The student somehow found out that Justin reported him to school officials and subsequently threatened him. "I asked AP [Assistant Principal] Lancaster if the school would help me in the filing of a police report since I had no identifying information for the offending student. The school denied assistance," she recalled. "I took my son, left the school and later that evening took him to the local precinct to file a report related to the student’s threat."
When reporting the incident to authorities, Landers says one officer succinctly revealed the main problem of the diversity policies in one telling conversation. "Ma’am, the schools do not typically report events to us. We don’t really know the things that go on in there. So please teach your kids to call 911. Instead of going to the office for help, walk outside and dial 911. That is really the only way we can come in. If we come, then we can document the event," the officer reportedly told the mother of six.
In another brutal example, a Bronx high school student was stabbed to death in a history class by fellow student Abel Cedeno, who murdered his classmate with a $30 switchblade in September 2017.
New York City Mayor Bill de Blasio was slammed by critics for his public school policies that also looked to bypass the alleged "school-to-prison pipeline" for minority children, in accordance with the Obama directive. "Law enforcement officials, high-ranking educators and other critics say de Blasio has instituted a number of policies that make it harder for arrests and suspensions to take place at schools," reported The New York Daily News.
“I blame de Blasio. He’s responsible for it,” said New York City Parents Union president Mona Davids. “He wants to remove most of the scanners from schools. And he made it just about impossible for principals to suspend students.”
Landers started a Facebook group dedicated to stopping school violence due to the experiences she's had with her own children because of the policies. Parent2Parent Network, which was founded by Landers and her husband Josh, has compiled endless horror stories told by victims' parents, educators, and school officials, some anonymously given out of fear of a backlash.
"Parents, teachers and staff contact us frustrated, without hope and in need of crisis intervention daily. They tell us stories of fights, bullying, assaults and more! If we worked round the clock we could not possibly help them all," wrote Landers in a Facebook post. "Teachers report being asked to falsify discipline records, not report assaults against them and are even subject to permanent injury. They feel powerless to protect themselves or their peaceful students."
One "desperate teacher" told Landers, “Kids and teachers are terrified and tormented. The environment is causing PTSD. Teachers are on medications and in therapy to try to deal with the school environment.”
The sentiment in such testimony was echoed by administrators and educators across the nation.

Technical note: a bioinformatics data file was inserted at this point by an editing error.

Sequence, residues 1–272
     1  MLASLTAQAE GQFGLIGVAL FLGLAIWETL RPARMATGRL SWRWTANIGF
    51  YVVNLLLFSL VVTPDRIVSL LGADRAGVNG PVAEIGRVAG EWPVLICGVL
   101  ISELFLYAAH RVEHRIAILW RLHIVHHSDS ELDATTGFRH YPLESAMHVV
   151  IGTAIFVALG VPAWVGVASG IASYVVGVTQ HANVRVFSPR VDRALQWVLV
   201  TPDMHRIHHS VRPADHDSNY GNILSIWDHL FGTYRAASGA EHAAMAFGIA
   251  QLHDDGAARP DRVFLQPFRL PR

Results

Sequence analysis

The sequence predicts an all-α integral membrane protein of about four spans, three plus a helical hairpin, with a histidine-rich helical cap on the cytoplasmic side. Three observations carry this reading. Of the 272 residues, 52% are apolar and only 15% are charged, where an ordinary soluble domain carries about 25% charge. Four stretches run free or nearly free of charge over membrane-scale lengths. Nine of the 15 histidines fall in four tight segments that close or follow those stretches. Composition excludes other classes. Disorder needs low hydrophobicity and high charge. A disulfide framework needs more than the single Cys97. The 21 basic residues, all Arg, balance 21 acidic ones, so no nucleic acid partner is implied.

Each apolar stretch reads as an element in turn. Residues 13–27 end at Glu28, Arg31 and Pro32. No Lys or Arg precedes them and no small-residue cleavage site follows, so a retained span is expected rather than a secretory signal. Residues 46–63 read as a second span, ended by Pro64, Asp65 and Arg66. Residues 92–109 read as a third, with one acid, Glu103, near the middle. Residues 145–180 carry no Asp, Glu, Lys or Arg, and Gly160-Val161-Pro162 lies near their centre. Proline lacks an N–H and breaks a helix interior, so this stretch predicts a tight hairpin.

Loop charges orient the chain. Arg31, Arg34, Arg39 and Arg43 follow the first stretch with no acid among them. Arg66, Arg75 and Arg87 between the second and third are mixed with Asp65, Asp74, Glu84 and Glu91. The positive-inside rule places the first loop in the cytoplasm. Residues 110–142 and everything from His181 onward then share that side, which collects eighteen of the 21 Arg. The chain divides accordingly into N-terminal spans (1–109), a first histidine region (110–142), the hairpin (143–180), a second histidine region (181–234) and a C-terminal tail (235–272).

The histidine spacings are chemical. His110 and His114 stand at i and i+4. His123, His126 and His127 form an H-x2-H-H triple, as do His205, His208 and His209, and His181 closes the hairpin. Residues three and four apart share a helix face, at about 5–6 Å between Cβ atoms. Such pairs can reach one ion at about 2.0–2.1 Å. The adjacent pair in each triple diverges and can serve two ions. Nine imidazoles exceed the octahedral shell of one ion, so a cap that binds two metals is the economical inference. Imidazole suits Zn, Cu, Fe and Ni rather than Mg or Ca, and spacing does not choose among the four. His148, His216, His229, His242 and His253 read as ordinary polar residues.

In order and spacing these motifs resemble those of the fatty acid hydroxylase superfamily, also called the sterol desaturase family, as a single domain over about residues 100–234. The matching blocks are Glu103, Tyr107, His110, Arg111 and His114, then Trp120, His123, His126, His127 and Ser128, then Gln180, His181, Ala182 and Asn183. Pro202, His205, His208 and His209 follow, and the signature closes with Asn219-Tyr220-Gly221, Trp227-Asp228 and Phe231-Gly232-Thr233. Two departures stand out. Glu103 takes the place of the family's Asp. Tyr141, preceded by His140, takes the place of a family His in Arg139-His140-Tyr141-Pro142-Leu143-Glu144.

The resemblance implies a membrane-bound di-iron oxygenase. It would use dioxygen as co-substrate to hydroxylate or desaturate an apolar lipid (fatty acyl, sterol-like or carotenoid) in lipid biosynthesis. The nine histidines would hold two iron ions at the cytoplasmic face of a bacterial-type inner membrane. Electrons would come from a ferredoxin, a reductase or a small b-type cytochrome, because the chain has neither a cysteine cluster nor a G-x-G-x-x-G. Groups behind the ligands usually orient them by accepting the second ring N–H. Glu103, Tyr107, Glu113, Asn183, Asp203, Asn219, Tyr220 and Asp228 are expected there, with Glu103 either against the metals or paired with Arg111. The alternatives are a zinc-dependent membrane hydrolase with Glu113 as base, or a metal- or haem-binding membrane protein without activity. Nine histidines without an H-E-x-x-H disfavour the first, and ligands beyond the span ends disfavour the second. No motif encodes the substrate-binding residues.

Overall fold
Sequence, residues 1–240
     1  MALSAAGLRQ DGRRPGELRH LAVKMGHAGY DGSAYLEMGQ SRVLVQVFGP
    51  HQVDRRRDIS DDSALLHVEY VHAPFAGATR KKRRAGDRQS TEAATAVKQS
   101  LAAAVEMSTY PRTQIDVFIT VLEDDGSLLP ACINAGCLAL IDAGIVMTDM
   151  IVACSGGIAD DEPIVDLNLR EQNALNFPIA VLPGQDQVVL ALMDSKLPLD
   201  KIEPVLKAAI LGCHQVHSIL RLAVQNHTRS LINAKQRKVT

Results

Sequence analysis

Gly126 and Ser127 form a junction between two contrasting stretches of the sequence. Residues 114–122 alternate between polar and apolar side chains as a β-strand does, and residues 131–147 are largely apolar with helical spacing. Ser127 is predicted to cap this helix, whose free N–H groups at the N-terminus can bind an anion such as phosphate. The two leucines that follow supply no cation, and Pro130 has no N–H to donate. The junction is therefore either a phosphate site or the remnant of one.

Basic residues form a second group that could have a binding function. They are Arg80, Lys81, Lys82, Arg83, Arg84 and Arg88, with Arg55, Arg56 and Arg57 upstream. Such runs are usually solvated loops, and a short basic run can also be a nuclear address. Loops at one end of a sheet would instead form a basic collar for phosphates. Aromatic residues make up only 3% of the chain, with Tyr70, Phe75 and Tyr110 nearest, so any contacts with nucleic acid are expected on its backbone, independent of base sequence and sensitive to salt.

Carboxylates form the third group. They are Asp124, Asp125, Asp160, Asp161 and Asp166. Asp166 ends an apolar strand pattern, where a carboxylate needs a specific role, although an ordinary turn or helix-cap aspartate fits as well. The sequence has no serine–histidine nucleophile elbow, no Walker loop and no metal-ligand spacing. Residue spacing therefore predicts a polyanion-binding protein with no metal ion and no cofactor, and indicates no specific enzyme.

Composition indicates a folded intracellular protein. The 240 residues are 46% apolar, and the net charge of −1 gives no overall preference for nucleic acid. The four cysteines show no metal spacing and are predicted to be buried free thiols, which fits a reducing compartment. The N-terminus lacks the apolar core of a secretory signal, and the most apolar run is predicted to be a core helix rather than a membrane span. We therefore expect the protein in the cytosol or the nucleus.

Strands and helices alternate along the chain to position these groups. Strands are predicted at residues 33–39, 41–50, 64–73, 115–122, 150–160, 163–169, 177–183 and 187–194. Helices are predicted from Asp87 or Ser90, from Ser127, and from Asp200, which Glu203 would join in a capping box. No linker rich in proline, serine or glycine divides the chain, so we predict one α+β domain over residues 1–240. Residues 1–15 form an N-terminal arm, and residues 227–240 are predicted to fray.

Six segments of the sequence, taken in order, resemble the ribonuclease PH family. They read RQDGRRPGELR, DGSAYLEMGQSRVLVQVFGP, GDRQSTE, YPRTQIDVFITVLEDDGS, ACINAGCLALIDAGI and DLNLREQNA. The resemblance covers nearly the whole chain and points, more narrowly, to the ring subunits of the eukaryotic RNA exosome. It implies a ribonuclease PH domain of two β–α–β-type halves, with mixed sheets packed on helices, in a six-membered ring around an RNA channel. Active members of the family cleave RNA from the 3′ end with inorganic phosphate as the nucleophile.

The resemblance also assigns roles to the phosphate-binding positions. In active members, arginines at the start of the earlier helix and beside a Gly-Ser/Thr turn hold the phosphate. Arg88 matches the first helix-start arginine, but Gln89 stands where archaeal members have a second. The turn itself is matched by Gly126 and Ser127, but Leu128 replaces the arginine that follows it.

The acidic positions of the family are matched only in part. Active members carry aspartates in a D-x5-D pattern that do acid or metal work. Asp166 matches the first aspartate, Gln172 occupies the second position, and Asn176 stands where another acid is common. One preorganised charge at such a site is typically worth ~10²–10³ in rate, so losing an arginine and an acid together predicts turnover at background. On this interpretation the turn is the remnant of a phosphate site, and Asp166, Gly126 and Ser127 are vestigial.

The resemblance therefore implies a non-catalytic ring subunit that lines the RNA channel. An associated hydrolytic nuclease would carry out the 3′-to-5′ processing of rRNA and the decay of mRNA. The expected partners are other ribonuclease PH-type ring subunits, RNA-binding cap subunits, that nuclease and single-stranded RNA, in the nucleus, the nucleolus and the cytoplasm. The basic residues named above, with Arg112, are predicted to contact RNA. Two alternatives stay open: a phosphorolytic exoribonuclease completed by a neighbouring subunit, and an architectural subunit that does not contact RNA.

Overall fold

Former North Carolina public school educator Annette Albright, a member of a minority herself, slammed the policies. The directive "has done more harm than good. It is impossible for teachers to teach in chaotic environments. It is also impossible for students learn in chaotic settings," she said.
In 2016, WBTV reported that Albright believed that she was let go from her employment "because of a fight caught on camera between her and several students."
"I can't even watch the video all the way through anymore because I just don't know how I took the beating that I did," said Albright at the time.
Likewise, Ann Miller of the Baltimore County board of education, told The Washington Times that Landers is "not an outlier at all. I’ve heard many, many cases. I have teachers and parents calling me on the phone regularly, crying. I would say every couple of weeks there’s a student video of violent attacks in BCPS that’s posted on social media, or a news report. We see this regularly.”
A minority high school teacher from the Cincinnati Public Schools, Gary Favors, also attended the briefing in opposition to the Obama-era directive. “I’m in an urban setting. They’re not being discriminated against. Their behaviors are what I would call off the chain, and we need to address how to deal with those behaviors," he stated. Favors said he was planning on telling DeVos, "That Dear Colleague letter isn’t working because it’s tying people’s hands." “What I want to tell the secretary is that in public school, we have to take everybody who walks in the door. I understand that,” he added. “But if you’re going to tie my evaluation to these state tests, by God, I’m going to have some say-so on who comes in my room, and if they’re disruptive and causing havoc, they’re not going to stay in my classroom."
Landers told The Daily Wire that DeVos "listened attentively to each and every one of us." The advocate is hopeful that things will be turned around soon. "But [DeVos] needs a lot of support from the nation," she noted, and that comes by educating the public.
"The problem is multifaceted, it's not just these guidelines, but when it comes to why our peaceful students being victimized and re-victimized, this is why," she added.
Landers succinctly concluded, "However these guidelines were intended, we can't speak to; the outcome of these guidelines is that all the children are getting hurt," she explained. "The offending students are not getting identified, assessed and getting appropriate intervention; the victimized students are getting repeatedly victimized; the educators are living in fear of trying to do anything disciplinary in their classrooms for fear of being labeled discriminatory in their actions; the principals are terrified of the central office, so they're suppressing the data and putting pressure on the teachers to do the same; and the states are worried about the loss of grant funds and CVR investiagtions."
"And who suffers? The children," she said.